When a Man You Love Was Abused

When a Man You Love was Abused

If you love a man who has been sexually abused, please read this book.

THIS BOOK IS FOR MEN TOO. It touches on the areas that need to be addressed, by men that have suffered sexual abuse, to reclaim their lives. It’s an inside peek of the male’s psyche and emotions. It’s not a `fix-it’ book, but instead helps men realize they aren’t alone or crazy and that healing can be reached.

For women, with men in their lives that have been abused, this book will help you help him through the healing process. Addressing how to be there for him and how to encourage him in the areas in which he struggles.

Authors Story

I became a serious Christian in my early twenties. Months after my conversion, I met Shirley, and we later married. We had five or six problem-free years before a single event changed our marriage. I had been gone for nearly two weeks. When I came home, Shirley lay in bed, and I thought she was asleep. I climbed in beside her, and in the dark, she turned over and touched me.

I froze.

Feelings of anger and revulsion spread through me. I’d never before had those feelings in our marriage. I didn’t understand what was going on inside me. I couldn’t respond to her, and I didn’t understand the reason. I pushed her arm away and mumbled something about being exhausted.

She rolled over, and although she tried to cover up her tears, I heard the soft sobs. Her pain made me feel worse. Why had I done such a cruel thing? Why had I pushed her away?

I lay awake a long time trying to figure it out. What’s wrong with me? I asked myself repeatedly. No matter how much I prayed, I couldn’t understand my angry reaction.

Over the next several years, occasionally I had similar reactions. Looking back, I realize that when she initiated any affection that I hadn’t anticipated, especially in the dark, I froze. Each time it happened, I felt guilty and silently begged God to show me what was wrong with me. Slowly my seemingly irrational feelings decreased, and life seemed to resume a loving normalcy.

The next event happened during a long run. I’d been a runner for at least a decade and usually did six or seven miles a day. That morning in the early fall, I decided to do a twelve-mile run, the longest I had ever done. About the tenth mile, sadness came over me—a deep, depressive melancholy. The tears began to flow and I couldn’t figure out why. I was sobbing so hard that I had to walk the last half mile.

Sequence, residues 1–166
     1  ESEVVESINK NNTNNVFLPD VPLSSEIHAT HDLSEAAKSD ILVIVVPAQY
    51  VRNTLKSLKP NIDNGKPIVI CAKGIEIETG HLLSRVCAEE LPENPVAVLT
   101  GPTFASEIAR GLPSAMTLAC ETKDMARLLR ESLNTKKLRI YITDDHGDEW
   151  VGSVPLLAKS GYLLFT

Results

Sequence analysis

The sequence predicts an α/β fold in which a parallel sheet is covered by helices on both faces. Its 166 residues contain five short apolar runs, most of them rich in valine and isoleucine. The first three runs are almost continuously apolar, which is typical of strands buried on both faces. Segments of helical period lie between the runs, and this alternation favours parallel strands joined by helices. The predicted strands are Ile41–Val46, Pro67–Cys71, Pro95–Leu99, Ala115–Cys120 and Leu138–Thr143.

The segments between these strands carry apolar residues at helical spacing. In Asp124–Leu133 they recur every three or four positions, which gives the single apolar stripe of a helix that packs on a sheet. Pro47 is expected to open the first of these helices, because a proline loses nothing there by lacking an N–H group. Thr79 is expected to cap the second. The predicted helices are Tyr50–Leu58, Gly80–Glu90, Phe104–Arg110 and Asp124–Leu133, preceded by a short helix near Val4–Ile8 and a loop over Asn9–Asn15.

The painful past had finally broken through. I remembered. The images were vague and unclear, but a memory nonetheless: The old man undressed me and fondled me. I also remembered the female relative who assaulted me.

I didn’t want to believe such memories. Some days I convinced myself that I had conjured up terrible thoughts about innocent adults. Most of the time, however, I knew. It wasn’t my imagination, and it had happened. If that was so, why hadn’t I remembered it before? Why now?

After that, crying became almost a daily routine. I usually ran for about an hour very early in the mornings. On many of those runs, tears would stream down my face before I finished. A few mornings I sat on the curb in the dark and cried until I was able to get up and run again.

Over the next few weeks, other childhood memories crowded into my consciousness. Those remembrances hurt, and each one brought about feelings of grief. I had never before experienced such inner pain. Even though engulfed by shame, embarrassment, guilt, and a sense of utter worthlessness, I decided I had to talk to someone. Haltingly, nervously, I told Shirley. Once she got beyond the initial shock, she said exactly what I needed to hear. “I don’t understand this, but I’m with you.”

Of course she didn’t understand. How could she? I didn’t even understand myself.

A few days later, my friend David Morgan came over to my house. I told him as much as I remembered of my past. He held me, and my tears flowed again. I don’t recall anything he said, but I knew he was with me in spirit and would be at my side as I slew the dragons of my past.

The Effects of Unconditional Love